Wonderful Quilters

Friday was such a fun day. Each Summer the North Carolina Quilt Symposium is held somewhere in the state. This year it was in Asheville so I made a date with a friend/quilter to attend for the day.

We went to a few quilt stores on our way north and after a yummy lunch, found our way to the UNC Asheville campus. This year they had an amazing group of teachers who each brought 3 or 4 quilts to hang with the participants’ quilts. When we paid our entrance fee, we were given a plastic glove so that we could look at the back of the quilts. To be able to see the quilts very close and check out the amazing quilting on the back was such a treat! Here are some of my favorites…

Susan Cleveland:

Though I took a class with her some years ago, it must have been before I started blogging. In any case, it was her Piping Hot Bindings workshop. She is an excellent (and fun!) instructor. If you have made bindings on quilts, you can understand that a teacher has to give very simple and clear directions for everyone to understand and be successful! This quilt, Flowered and Feathered Frenzy, is full of wonderful details showcasing her class content. There is a double binding around the wonky edges. There is both machine and hand quilting; the hand quilting she calls her “Morse Code” technique.

I was quite taken by these embroidered circles. And I love the color! I had just been complaining to my friend about all the dull grey quilts that everyone seems to like now. She pointed out that Susan’s quilt was grey. It is indeed, but the colors she used are brights – not the colors with grey added. It’s just wonderful.

Melinda Bula:

You may remember that I took a class with her to make her wonderful zinnia quilt. I can’t say enough about her stunning quilts and easy-going manner in the classroom. Looking at Waratah on the computer screen, I am struck by its beautiful graphic quality. In person you see her layers and layers of machine quilting and the lovely hand dyed fabrics that she often uses.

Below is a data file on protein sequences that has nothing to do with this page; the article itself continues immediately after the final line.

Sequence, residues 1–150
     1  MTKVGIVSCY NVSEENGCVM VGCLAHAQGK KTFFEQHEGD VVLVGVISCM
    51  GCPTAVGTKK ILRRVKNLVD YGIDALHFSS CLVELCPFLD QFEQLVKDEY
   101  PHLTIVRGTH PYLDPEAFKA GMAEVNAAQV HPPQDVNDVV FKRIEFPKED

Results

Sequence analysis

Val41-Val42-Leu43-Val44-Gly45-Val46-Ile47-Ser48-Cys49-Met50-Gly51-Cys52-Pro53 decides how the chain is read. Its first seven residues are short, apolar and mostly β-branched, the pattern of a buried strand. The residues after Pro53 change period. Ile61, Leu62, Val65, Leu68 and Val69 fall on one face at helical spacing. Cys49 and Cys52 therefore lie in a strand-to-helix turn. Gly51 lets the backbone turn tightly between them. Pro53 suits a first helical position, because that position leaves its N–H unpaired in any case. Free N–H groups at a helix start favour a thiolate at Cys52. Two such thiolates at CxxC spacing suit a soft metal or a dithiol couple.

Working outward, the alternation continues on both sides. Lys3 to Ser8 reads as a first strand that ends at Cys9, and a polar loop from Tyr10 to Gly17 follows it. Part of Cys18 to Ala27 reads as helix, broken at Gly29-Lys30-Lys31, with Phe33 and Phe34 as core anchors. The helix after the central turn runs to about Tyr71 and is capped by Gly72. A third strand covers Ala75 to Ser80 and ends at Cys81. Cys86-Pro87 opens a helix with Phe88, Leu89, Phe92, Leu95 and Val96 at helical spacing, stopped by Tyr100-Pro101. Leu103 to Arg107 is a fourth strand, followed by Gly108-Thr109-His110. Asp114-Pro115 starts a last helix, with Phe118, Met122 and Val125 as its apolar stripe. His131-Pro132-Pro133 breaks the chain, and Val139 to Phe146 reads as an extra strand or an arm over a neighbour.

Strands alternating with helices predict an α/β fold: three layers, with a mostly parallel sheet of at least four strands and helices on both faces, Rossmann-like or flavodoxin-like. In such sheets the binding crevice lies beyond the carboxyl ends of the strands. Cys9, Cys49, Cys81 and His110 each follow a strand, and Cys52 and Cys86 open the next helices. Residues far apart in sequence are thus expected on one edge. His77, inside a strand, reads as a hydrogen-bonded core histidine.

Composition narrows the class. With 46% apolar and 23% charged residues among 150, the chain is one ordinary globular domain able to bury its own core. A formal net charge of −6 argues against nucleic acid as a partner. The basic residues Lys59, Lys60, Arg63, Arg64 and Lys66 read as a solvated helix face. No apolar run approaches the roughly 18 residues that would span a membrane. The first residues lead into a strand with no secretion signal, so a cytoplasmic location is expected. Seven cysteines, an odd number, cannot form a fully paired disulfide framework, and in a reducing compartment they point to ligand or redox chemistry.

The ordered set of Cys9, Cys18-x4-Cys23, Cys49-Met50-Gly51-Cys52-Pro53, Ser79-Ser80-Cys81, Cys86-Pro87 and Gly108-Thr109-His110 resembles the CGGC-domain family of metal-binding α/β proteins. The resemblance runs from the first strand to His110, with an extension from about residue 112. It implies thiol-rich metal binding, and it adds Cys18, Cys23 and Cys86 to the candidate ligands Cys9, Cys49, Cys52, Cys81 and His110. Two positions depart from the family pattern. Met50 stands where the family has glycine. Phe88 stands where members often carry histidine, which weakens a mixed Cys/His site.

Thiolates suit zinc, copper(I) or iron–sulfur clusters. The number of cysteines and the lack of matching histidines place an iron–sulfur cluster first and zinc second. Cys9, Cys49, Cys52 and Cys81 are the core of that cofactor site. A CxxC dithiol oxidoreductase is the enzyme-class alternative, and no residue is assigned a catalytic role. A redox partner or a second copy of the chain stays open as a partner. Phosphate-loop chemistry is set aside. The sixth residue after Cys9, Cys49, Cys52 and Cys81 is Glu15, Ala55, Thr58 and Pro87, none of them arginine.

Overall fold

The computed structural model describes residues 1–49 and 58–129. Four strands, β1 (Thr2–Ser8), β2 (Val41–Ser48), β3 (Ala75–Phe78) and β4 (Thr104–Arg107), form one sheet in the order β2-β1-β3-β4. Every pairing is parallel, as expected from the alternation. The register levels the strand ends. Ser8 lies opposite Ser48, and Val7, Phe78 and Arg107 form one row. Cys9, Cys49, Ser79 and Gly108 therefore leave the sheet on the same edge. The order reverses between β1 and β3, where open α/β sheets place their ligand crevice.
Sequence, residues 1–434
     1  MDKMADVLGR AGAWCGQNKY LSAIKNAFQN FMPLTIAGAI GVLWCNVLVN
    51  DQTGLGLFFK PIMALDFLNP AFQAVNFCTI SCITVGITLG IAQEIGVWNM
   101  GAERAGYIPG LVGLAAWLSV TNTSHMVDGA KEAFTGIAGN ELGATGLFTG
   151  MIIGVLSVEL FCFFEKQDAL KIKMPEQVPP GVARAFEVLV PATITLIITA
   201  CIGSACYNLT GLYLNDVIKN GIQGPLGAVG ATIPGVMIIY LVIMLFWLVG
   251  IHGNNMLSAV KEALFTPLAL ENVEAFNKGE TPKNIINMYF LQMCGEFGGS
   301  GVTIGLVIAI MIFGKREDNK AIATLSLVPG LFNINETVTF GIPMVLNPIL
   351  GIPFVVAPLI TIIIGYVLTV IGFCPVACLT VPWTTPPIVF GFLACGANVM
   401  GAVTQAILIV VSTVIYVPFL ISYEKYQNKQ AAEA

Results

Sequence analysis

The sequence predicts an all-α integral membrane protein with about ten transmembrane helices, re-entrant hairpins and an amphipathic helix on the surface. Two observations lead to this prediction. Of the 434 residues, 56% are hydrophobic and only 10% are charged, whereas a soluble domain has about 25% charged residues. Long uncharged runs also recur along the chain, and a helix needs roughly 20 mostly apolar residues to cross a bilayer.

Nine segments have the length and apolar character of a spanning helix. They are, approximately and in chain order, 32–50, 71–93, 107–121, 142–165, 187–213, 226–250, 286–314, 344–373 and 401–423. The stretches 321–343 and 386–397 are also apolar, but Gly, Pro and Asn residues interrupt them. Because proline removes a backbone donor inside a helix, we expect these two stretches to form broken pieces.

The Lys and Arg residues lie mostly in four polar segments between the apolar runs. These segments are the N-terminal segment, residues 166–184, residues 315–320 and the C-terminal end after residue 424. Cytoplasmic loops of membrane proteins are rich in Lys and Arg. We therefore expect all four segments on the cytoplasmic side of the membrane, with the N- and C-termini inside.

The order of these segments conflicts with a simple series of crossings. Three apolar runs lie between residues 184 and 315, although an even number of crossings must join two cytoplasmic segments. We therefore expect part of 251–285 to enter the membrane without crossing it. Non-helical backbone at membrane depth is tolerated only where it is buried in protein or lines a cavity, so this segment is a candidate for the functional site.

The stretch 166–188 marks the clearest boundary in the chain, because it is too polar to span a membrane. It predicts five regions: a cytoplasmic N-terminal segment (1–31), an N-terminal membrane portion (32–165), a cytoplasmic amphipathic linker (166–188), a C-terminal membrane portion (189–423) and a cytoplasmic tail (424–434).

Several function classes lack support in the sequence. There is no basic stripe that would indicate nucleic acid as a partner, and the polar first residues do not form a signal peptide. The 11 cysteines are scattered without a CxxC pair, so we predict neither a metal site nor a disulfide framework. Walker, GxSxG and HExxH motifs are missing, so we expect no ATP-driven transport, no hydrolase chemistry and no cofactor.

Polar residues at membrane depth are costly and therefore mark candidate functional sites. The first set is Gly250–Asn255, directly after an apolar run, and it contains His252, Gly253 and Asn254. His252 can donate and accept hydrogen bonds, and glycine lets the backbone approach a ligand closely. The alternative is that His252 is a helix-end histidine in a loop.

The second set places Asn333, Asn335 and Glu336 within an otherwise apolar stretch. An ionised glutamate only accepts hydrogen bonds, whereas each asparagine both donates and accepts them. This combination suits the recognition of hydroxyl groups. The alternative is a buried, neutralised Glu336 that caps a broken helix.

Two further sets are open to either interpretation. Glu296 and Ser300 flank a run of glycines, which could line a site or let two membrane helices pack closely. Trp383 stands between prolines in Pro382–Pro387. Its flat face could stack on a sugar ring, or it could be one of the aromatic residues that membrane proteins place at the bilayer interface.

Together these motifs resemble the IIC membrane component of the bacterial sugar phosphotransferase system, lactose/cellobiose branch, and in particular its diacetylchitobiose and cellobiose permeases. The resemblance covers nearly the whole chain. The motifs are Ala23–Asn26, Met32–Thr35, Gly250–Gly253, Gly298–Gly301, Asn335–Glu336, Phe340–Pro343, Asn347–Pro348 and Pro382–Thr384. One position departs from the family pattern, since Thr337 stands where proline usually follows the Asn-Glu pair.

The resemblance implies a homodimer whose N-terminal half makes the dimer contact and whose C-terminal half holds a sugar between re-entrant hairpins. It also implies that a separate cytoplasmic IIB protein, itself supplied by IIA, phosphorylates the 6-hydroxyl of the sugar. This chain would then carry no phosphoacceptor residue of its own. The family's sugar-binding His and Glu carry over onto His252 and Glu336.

And her Monet in Pasadena. It was a hot day in Asheville and I wanted to swim among the lily pads.

Lea McComas:

I believe I saw this quilt in a magazine and I was delighted to be able to see it up close and personal. Bike Boys is amazing – Lea used 114 threads which added up to 8 miles of stitching.

This ad below was her inspiration! This is also a good shot to see her thread painting. Can you see how thick it is?

Barbara Olson:

I have seen Barbara Olson’s quilts many times at various quilt shows. Her work is constantly evolving and I was really struck by Life Unfolding. Do click on the picture to see the amazing detail, fabrics, colors and stitching!

And her Peacock Flower. (The Guild labeled this Stroke of Blue but on her website it is called Peacock Flower.) Talk about juicy color…

What is it about seeing art or fine craft in person? I feel refreshed and energized. I hope you do as well!

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Mariner’s Compass Mania

Somehow I diverted from this week’s plan….laundry and cleaning my studio. Well, perhaps not quite, but what I meant about cleaning the studio was tidying up and now I have made more of a mess. A basket of UFO’s caught my eye and I started digging through them and look what I found!

I took a class in Judy Mathieson‘s method of paper piecing the Mariner’s Compass pattern at the Houston show many years ago. Who doesn’t love this dramatic pattern? I made lots of them and then I taught classes in how to do it and each time I did I allowed myself to start a new one. Yikes! Here are a few to show you.

This one hangs on the wall in the stairway going down to the basement/studio. I called it Stars Over the Buttes because that background fabric looks just like the buttes in Colorado. (The color is really off and I can’t get it adjusted properly…)

This one

is part of this one! I was working on a large pink and orange quilt top and then we moved. At a later date I needed a class sample and I knew the store where I was teaching would love this color combo, so I cut this one out. (And I’m not sure what I will do with the rest.) I did take the time to do some “Piping Hot Binding” on it, which I learned from Susan Cleveland. Click on the quilt photo to see it.

This was an interesting color idea… For those of you who don’t know about the construction of a compass design, here you can see 4 pieces of the compass. Each wedge is one point and then it’s paper pieced in some way. It’s a lot easier to make than it looks and really, really fun.

This is the compass UFO that I did remember that I had. I call it Dotty for Dots and all the fabrics are (and will be) dotted fabrics. I have a large collection!

This compass I thought would be fun to finish as a circle. I don’t like the middle I pieced though, so back to the machine for that!

Believe it or not, I have a few more completed compasses stored away. After I finish some of these UFO’s I think I should be “done” with this pattern!